From: Darla — Apr 23, 2010

While I have my doubts about slavish photograph-copying except as a learning device, plein air or still life painting require the highest degree of creativity and skill, translating 3-d real life into paint. Abstract painting is like music without words; you have to get the message across without set symbols. Effective abstract art is very difficult and correspondingly rare. Abstraction used without skill is noise, without value except possibly to the painter. Realistic painting uses representation as another tool to get the message across. Many painters start as representative artists and go on to abstraction and stylization as they learn the visual language. Others go on to perfect their representational style. Throwing away realism as a legitimate art approach, in favor of abstraction, good or not, is as ridiculous as insisting on photorealism as the only valid approach.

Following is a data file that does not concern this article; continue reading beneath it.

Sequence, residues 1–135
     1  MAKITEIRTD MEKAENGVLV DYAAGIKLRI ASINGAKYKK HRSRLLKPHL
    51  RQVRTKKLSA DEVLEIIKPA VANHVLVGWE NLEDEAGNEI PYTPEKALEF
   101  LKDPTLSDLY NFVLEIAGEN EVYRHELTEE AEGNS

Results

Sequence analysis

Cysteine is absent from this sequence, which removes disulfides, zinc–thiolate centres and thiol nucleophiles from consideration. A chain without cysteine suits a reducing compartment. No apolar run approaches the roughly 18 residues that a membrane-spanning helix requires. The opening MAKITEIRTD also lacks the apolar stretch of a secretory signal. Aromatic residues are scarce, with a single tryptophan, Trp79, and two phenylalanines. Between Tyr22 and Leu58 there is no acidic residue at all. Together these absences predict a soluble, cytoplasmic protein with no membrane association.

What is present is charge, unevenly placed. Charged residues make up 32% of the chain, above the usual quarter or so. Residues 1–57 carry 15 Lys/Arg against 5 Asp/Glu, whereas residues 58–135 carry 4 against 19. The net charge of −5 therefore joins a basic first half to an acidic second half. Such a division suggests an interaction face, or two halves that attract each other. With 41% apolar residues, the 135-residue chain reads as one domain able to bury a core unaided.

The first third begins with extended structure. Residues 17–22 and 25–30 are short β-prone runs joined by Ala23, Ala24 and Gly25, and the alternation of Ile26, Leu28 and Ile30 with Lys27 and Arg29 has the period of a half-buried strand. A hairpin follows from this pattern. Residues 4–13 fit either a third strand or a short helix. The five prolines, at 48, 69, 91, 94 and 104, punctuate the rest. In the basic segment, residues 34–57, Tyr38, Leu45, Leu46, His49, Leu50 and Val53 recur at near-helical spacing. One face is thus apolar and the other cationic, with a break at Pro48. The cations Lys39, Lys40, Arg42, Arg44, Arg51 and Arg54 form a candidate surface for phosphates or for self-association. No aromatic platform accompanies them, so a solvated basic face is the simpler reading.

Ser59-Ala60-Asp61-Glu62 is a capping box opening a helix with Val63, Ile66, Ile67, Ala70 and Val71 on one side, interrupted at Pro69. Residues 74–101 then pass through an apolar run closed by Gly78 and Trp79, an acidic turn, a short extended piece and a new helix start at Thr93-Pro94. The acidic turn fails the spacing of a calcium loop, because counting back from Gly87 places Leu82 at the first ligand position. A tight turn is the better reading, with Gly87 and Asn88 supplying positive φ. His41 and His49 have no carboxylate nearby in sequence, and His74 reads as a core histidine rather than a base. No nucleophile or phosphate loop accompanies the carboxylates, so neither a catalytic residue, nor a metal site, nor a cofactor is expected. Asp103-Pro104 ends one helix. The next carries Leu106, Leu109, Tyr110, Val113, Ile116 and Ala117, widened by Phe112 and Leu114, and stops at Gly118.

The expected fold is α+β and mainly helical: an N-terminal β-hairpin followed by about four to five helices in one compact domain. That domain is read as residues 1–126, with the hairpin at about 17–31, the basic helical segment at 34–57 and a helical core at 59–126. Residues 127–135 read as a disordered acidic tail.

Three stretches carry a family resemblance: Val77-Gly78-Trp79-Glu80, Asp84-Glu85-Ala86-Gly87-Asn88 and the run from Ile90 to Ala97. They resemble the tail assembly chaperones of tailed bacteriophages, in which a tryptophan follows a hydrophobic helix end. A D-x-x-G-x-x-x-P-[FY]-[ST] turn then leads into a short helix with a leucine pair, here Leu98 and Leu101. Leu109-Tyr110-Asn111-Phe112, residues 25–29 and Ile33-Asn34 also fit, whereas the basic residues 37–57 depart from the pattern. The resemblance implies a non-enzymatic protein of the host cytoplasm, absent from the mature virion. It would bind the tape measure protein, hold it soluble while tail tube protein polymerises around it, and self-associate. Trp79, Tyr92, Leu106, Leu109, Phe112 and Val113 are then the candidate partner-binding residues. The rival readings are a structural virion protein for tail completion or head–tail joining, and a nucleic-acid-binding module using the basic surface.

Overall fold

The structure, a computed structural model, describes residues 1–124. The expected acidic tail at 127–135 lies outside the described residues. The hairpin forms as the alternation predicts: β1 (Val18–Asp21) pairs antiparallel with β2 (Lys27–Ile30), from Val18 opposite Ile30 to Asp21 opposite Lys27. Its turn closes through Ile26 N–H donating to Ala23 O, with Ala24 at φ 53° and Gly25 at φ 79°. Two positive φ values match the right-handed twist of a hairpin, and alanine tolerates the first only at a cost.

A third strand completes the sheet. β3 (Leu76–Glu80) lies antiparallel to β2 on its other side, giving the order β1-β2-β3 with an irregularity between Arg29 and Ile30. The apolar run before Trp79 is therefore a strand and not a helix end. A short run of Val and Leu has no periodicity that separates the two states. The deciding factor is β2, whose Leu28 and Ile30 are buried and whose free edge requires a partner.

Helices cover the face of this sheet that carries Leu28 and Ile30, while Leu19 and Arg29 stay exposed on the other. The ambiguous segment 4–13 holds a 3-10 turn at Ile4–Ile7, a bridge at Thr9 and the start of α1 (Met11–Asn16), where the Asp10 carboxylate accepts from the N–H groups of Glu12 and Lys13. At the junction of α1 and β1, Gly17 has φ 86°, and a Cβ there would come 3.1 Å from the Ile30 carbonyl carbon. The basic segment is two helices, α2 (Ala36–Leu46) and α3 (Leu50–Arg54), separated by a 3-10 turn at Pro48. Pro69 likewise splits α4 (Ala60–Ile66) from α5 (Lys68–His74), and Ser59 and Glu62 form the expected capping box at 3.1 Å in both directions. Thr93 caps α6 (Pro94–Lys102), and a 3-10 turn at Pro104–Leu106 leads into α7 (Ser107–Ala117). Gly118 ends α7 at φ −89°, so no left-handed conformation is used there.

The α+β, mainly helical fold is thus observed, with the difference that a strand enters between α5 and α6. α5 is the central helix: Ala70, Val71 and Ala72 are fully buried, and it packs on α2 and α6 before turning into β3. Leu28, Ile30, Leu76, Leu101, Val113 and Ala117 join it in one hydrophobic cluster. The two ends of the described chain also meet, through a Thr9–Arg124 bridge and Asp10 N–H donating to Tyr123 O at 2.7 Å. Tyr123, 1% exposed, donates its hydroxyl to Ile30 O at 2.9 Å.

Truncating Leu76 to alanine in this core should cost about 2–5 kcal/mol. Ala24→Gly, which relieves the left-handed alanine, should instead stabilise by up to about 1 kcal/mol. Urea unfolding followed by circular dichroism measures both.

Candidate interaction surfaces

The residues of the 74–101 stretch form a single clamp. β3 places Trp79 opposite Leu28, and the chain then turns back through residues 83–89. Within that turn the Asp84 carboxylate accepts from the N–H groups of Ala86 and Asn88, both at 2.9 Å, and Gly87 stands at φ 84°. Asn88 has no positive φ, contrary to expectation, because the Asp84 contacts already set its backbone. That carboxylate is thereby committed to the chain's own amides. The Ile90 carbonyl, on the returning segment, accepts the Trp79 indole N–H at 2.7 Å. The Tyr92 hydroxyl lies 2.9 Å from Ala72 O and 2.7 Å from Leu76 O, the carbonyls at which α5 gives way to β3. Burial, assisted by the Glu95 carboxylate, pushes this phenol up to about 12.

From: John F. Johnson — Apr 23, 2010

The creative process doesn’t only happen when you have a paint brush in your hand. Great art is something that touches our soul, whether it is sculpture, painting, photography, literature, music, or whatever. The creative process uses different tools, NONE of which is superior to the others. New tools inspire new techniques, which in turn may inspire others. Build on the past, but don’t get stuck in it. I have an agenda, and it isn’t hidden – I use digital photographs to create my art, and I want my creativity to be recognized equally with other art forms. Just because I don’t have paint on my hands does not make me a bad artist. Your use of the words “contempt for creative artists such as abstract or abstract expressionist” is in itself contemptuous of those who don’t create art in the way that you do. There’s room for us all, so let’s just learn to get along, please.